The Scrapbook figures this woman is probably no longer alive. Otherwise they'd have found bin Laden by now.
In April 2004, when Spain's new premier announced a withdrawal of Spanish forces from Iraq, it was front-page news in both the New York Times and the Washington Post. A year later, when Silvio Berlusconi hinted he might start bringing Italian troops home, that was also a page-one article in the Times. The Post gave front-page treatment to a July 2004 piece about the pending departures of coalition members Norway, New Zealand, Thailand, and the Philippines, and the probable exits of Holland and Poland. We could go on, but you get the point: When a U.S. ally pulls out of Iraq, it's a Big Story--another sign of George Bush's "dwindling" coalition; a further "blow" to the war effort.
But what about when an ally, or two, re-ups? Well, that's No Big Deal. Earlier this month, Japan decided to keep its contingent in Iraq for another year--until December 14, 2006. Meanwhile, Prime Minister John Howard said Australia's 450-troop team, which is guarding Japan's task force in southern Iraq, would stay past its May deadline and remain as long as the Japanese did.
Good news for the coalition, good news for the Iraqis. Yet somehow--wonder of wonders--this story warranted zero coverage in both the Times and the Post. Okay, maybe it wasn't A1, above-the-fold material. But to not mention it at all? In fairness to the Times and the Post, most other major U.S. newspapers--including the Boston Globe and the Los Angeles Times--ignored the story, too.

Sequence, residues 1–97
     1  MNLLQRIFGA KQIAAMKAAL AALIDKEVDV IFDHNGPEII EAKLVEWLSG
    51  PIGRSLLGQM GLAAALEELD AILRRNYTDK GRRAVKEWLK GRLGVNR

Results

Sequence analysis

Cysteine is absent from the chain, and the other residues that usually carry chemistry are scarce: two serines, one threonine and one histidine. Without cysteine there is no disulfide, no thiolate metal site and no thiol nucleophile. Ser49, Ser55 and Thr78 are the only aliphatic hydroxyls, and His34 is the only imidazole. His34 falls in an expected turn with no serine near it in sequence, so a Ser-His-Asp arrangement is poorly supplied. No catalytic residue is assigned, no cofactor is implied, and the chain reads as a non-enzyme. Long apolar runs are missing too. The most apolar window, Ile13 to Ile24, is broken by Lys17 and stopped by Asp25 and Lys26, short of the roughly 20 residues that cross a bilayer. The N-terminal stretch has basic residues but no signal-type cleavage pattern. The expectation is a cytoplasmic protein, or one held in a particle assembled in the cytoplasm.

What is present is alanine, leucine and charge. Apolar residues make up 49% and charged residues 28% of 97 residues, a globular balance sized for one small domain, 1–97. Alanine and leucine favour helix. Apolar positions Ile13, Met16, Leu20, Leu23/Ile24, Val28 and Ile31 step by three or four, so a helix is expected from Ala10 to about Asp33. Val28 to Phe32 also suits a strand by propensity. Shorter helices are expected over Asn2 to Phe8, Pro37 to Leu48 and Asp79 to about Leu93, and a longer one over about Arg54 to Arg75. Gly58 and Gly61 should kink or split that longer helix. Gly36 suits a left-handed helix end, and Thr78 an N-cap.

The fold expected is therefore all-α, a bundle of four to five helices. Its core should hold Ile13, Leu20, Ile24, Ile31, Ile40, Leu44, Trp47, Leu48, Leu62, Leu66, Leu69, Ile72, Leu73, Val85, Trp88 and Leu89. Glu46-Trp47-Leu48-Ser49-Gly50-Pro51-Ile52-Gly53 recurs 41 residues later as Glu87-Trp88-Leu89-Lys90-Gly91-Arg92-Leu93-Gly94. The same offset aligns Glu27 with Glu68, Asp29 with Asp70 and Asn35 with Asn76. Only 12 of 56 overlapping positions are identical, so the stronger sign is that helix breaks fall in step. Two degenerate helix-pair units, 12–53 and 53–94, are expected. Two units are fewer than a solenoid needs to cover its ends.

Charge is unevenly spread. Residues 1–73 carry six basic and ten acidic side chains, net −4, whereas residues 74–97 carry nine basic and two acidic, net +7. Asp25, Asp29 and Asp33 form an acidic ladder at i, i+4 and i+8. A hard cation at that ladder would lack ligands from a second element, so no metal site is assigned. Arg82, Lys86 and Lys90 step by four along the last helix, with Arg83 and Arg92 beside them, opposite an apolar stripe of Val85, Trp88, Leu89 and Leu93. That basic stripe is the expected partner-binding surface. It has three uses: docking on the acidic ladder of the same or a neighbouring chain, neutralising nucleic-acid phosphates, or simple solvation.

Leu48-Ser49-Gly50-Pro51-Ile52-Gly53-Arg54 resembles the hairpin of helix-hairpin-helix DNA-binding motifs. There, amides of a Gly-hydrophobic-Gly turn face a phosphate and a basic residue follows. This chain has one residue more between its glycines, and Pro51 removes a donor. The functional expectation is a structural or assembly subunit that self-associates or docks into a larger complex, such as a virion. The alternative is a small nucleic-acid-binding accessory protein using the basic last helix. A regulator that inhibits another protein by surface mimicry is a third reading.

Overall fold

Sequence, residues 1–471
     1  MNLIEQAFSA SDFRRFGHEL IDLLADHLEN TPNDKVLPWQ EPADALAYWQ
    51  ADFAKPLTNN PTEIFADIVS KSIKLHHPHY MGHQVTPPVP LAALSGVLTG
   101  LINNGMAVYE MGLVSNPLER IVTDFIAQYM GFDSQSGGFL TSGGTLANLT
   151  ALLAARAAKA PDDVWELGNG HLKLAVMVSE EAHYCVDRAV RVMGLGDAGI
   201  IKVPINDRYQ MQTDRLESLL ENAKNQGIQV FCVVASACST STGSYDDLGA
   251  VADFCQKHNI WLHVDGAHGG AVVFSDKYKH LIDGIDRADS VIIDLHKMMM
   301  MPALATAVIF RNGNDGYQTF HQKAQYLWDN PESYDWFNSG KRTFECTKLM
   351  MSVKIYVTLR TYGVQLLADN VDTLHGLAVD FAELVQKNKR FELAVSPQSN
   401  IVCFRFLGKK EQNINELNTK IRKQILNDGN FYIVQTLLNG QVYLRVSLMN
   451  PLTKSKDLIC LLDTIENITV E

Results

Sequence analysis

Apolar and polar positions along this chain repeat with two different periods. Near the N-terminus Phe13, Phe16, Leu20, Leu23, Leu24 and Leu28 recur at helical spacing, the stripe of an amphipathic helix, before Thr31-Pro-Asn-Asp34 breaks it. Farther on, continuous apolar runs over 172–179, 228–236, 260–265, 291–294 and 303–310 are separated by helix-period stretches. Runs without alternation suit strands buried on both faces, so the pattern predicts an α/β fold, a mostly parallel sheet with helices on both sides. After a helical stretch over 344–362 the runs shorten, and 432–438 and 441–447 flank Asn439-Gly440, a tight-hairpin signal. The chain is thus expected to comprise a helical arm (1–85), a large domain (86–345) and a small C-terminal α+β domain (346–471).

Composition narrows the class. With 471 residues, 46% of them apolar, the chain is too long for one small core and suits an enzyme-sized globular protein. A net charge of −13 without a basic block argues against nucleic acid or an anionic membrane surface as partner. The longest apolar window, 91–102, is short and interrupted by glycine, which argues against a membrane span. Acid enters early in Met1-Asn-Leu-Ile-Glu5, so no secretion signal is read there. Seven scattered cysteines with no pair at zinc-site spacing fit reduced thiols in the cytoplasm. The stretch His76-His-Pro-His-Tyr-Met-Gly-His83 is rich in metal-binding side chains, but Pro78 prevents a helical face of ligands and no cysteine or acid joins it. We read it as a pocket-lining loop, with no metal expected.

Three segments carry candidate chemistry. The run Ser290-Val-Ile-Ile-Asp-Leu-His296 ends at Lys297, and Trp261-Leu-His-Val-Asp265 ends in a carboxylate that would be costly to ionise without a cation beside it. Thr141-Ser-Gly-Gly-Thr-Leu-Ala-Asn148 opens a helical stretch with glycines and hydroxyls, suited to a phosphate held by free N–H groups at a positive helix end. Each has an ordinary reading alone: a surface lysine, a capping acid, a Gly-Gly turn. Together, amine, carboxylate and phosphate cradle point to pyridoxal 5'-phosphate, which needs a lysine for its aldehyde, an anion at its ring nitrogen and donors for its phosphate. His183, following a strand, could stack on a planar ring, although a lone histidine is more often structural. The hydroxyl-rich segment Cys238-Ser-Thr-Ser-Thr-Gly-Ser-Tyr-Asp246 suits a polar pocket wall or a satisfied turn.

And they wonder why The Scrapbook has to watch its blood pressure.
Around this time of year, the Albany Times Union promotes its Holiday Fund to help senior citizens by profiling one in particular. A couple of weeks back, it featured Sam Patalino, 78, from Latham, New York, a one-time lounge singer and restaurateur. As staff writer Marc Parry told it, Patalino "says his rumba around the drums once made the girls scream." As for marriage, "That's something Patalino . . . never did."
Perhaps the editor's note added to the profile a day after it first ran can shed some light: "The man profiled in this Times Union Holiday Fund story is a registered sex offender. The newspaper learned of Sam Patalino's status after a reader called the newsroom. In response, the Times Union has announced changes in how it screens Holiday Fund profile candidates."
Patalino was arrested in 1991 for having sexual contact with a 10-year-old boy. We won't say the reporter should have seen it coming, but there was this odd little Santa's list at the end of the original profile: "There's another thing [Patalino] dreams about. Something that, compared with his Radio Shack tape recorder, is a little . . . well . . . extravagant. . . . Something that would let him make such music! As he put it, 'Oh boy.' A karaoke machine."
As the paper's editor noted, "I don't think our readers would want us to reserve our charity only for those who are without blemish." Indeed. And on that note, The Scrapbook wishes all its readers a very Merry Christmas.